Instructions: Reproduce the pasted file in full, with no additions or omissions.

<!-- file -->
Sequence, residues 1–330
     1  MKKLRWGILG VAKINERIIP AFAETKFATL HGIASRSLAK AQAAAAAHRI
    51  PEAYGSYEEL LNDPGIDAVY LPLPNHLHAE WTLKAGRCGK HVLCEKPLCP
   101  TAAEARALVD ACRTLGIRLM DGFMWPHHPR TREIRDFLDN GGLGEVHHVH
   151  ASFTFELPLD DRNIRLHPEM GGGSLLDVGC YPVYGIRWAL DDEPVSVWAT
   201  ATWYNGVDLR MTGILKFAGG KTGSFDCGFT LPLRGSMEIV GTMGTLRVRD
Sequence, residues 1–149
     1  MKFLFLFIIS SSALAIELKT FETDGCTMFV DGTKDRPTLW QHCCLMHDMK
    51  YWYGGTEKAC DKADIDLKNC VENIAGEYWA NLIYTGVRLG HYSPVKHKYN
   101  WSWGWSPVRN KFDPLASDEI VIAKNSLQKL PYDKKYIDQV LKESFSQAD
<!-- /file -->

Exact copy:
Sequence, residues 1–330
     1  MKKLRWGILG VAKINERIIP AFAETKFATL HGIASRSLAK AQAAAAAHRI
    51  PEAYGSYEEL LNDPGIDAVY LPLPNHLHAE WTLKAGRCGK HVLCEKPLCP
   101  TAAEARALVD ACRTLGIRLM DGFMWPHHPR TREIRDFLDN GGLGEVHHVH
   151  ASFTFELPLD DRNIRLHPEM GGGSLLDVGC YPVYGIRWAL DDEPVSVWAT
   201  ATWYNGVDLR MTGILKFAGG KTGSFDCGFT LPLRGSMEIV GTMGTLRVRD
Sequence, residues 1–149
     1  MKFLFLFIIS SSALAIELKT FETDGCTMFV DGTKDRPTLW QHCCLMHDMK
    51  YWYGGTEKAC DKADIDLKNC VENIAGEYWA NLIYTGVRLG HYSPVKHKYN
   101  WSWGWSPVRN KFDPLASDEI VIAKNSLQKL PYDKKYIDQV LKESFSQAD